Despite how useful the Command Prompt can be, it can also be a nuisance in the wrong hands, allowing users to run undesirable commands and circumventing other restrictions you might have in place. As such, you should probably disable it.

To disable the Command Prompt:

User Configuration > Administrative Templates > System > Prevent access to the command prompt

Note that enabling this restriction means that cmd.exe can’t be run at all — even during the execution of batch files in either .cmd or .bat formats Dip Your Toes in Batch File Programming for Windows Why do you let simple, repetitive tasks bore you? If you can't delegate, innovate! With Windows you can create simple little programs, called batch files, that will take care of these tiresome tasks. Read More .

3. Prevent Software Installations

There are many ways to block users from installing new software, which can help reduce the amount of cleaning and maintenance you need to do when careless users on the network inevitably install something bad.

To prevent software installations using Group Policy:

Computer Configurations > Administrative Templates > Windows Components > Windows Installer > Turn off Windows Installer

4. Prevent or Delay Windows Update

Forced updates are a highly controversial Windows 10 feature, but only you can decide how you feel about it and whether to disable them or not.

If you have Group Policy, then you also have the ability to defer big updates and upgrades for up to one year or pause them altogether:

Computer Configuration > Administrative Templates > Windows Components > Windows Update > Defer Upgrades and Updates

Deferments can be indicated using months and weeks. Or you can select the checkbox labeled “Pause Upgrades and Updates”, which will turn them off until the next big update rolls around.

As it turns out, the Group Policy plays an important part in managing your Windows Update settings How to Manage Windows Update in Windows 10 For control freaks, Windows Update is a nightmare. It works in the background, and keeps your system safe and running smoothly. We show you how it works and what you can customize. Read More , but it isn’t the only way. Check out these other ways to turn off Windows Update 7 Ways to Temporarily Turn Off Windows Update in Windows 10 Windows Update keeps your system patched and safe. In Windows 10 you're at the mercy of Microsoft's schedule unless you know hidden settings and tweaks. So, keep Windows Update under control. Read More .

5. Disable Forced Restarts

Assuming you’ve kept Windows Update enabled, one huge annoyance that you’ve probably run into more than once is the fact that Windows pesters you to reboot after updating. You can postpone up to a point, but eventually it’s out of your hands.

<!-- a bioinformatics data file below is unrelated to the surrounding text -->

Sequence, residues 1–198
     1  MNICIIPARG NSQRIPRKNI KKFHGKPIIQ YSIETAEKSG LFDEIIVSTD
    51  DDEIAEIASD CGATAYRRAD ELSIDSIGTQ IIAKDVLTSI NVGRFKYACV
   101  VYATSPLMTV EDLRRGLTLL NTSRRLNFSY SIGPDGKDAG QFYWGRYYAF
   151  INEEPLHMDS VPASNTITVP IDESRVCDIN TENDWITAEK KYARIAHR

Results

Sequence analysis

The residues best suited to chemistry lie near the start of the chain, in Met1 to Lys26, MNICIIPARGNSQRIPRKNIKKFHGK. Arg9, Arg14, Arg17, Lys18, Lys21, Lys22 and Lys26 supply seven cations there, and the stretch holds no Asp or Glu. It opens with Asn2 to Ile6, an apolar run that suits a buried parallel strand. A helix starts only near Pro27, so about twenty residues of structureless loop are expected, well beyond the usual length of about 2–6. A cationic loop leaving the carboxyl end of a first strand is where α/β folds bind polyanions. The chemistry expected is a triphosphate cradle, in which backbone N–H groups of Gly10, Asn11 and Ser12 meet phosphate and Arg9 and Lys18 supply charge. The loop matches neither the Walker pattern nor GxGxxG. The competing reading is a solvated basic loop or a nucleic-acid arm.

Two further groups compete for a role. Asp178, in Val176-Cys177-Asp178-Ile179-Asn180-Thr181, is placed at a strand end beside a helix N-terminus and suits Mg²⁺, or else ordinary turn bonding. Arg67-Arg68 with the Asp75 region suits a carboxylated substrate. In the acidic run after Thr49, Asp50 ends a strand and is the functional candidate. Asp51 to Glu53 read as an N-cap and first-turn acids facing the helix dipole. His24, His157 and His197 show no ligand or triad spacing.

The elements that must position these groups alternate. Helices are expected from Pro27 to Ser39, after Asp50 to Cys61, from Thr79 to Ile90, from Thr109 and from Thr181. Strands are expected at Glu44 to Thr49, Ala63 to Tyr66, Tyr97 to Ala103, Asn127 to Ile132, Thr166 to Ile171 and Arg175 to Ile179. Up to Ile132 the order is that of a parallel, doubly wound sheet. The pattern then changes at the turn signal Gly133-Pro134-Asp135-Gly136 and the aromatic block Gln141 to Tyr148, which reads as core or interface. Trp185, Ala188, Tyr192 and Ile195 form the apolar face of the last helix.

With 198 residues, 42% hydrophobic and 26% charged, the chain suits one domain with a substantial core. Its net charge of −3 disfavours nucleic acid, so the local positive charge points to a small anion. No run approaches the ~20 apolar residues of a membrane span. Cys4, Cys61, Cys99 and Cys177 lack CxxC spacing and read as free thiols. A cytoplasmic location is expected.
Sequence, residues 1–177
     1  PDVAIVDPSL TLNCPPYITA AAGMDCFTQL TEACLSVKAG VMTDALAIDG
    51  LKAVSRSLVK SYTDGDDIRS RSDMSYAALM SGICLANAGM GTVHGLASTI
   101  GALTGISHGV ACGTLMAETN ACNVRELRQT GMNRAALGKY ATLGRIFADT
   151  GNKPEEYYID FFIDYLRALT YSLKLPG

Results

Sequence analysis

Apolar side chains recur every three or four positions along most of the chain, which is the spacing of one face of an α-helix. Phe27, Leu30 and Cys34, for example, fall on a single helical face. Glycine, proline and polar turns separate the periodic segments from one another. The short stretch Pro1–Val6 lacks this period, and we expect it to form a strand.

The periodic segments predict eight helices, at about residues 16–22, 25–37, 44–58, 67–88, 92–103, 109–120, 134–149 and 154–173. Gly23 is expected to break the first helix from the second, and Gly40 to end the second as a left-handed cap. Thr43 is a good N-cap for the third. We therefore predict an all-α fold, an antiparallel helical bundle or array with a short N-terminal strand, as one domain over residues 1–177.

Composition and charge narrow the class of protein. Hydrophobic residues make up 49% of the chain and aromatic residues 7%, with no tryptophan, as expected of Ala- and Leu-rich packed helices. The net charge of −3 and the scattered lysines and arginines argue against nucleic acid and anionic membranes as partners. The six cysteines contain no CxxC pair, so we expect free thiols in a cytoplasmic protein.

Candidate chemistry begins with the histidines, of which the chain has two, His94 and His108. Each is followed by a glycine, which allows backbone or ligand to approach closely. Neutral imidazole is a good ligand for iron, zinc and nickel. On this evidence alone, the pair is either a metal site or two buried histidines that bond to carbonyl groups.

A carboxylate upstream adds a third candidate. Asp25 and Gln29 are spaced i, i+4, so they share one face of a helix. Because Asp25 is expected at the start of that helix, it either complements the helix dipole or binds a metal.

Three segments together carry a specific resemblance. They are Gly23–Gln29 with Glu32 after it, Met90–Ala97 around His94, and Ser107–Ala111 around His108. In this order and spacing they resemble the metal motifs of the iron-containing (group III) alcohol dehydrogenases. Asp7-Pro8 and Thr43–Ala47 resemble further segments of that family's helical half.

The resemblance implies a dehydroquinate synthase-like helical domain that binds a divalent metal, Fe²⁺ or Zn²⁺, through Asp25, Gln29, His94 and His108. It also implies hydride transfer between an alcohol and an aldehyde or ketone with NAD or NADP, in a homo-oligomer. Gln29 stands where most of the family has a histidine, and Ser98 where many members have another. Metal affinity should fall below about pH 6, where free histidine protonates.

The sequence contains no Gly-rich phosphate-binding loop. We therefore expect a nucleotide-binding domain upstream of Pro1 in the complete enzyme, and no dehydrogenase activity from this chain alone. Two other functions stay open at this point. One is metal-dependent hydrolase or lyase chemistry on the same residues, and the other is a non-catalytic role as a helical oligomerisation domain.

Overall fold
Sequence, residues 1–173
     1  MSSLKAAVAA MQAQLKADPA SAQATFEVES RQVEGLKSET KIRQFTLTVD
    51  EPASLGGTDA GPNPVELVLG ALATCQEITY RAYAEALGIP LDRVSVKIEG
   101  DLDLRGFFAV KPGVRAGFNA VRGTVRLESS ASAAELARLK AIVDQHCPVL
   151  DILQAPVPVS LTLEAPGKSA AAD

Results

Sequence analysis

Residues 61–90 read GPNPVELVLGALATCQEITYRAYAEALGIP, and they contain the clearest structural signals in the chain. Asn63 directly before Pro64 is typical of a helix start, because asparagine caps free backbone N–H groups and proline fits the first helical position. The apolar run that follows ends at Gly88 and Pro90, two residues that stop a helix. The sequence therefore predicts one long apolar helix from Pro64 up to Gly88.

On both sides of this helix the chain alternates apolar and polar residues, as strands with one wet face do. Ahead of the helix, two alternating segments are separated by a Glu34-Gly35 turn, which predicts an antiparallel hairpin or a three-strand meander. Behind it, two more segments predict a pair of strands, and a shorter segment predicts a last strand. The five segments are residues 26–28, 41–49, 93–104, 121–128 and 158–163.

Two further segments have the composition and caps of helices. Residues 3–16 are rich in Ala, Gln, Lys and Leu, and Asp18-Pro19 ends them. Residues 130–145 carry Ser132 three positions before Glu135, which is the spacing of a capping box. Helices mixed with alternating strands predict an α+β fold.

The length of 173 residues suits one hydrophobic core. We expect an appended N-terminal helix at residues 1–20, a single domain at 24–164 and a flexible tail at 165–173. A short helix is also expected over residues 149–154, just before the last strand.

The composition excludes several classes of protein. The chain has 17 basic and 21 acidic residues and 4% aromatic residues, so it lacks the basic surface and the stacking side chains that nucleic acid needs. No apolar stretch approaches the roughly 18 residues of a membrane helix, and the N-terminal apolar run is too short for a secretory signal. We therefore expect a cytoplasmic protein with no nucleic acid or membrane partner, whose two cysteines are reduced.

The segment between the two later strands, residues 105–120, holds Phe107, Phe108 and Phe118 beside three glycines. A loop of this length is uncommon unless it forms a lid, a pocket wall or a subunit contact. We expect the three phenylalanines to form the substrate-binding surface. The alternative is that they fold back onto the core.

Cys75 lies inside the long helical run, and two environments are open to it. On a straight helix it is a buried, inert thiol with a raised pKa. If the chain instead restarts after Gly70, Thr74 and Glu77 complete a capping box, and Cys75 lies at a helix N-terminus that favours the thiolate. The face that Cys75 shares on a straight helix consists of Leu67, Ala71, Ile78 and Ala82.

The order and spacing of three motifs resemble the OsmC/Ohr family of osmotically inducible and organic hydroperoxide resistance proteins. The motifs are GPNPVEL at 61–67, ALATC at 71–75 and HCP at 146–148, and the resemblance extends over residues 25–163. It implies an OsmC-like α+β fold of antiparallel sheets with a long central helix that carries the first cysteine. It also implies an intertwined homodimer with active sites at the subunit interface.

To disable these forced restarts:

Computer Configuration > Administrator Templates > Windows Components > Windows Update > No auto-restart with logged on users for scheduled automatic update installations

Once the setting is enabled, you’ll have to reboot your system (funny, I know) or you can just launch an elevated Command Prompt and run the following command:

gpupdate /force

This forces any changes made to your Group Policy to take effect.

6. Disable Automatic Driver Updates

Here’s yet another automated feature that Windows will run without your explicit knowledge or permission: driver updates. In theory, this is quite useful as it aims to keep your system as up-to-date as possible.

But what if you’re running a custom driver? Or what if the latest driver for a certain hardware component has a bug that causes your particular system to crash? These are times when automatic driver updates can frustrate you to no end.

To disable automatic driver updates:

Computer Configuration > Administrative Templates > System > Device Installation > Device Installation Restrictions > Prevent installation of devices that match any of these device IDs

For this to work, you’ll have to provide hardware IDs for the devices you don’t want automatic driver updates for. You can get these through the Device Manager, which you can do using these step-by-step instructions Take Back Control Over Driver Updates in Windows 10 A bad Windows driver can ruin your day. In Windows 10, Windows Update automatically updates hardware drivers. If you suffer the consequences, let us show you how to roll back your driver and block future... Read More .

If you ever experience system instability or other issues due to a driver update, use the built-in Windows feature for driver rollbacks. It’s a good feature to know because one day it will save you a TON of headaches.

7. Disable Removable Media Drives

Are you the kind of person who would find a random USB drive on the ground, take it home, and plug it in to see what was on it? Probably not, but I’m sure you know someone who would do that!

The bad news is that randomly-found USB drives can be dangerous, which is why you might want to disable them altogether — especially in a business office setting. One malware-infected USB drive could bring down the whole network.

To disable removable media drives:

User Configuration > Administrative Templates > System > Removable Storage Access > Removable Disks: Deny read access

You’ll also see options for things like CDs, DVDs, WPD devices, and even floppy drives. Feel free to disable all of these as well, but USB drives are the main concern.

8. Turn Off Consumer Experience Promotions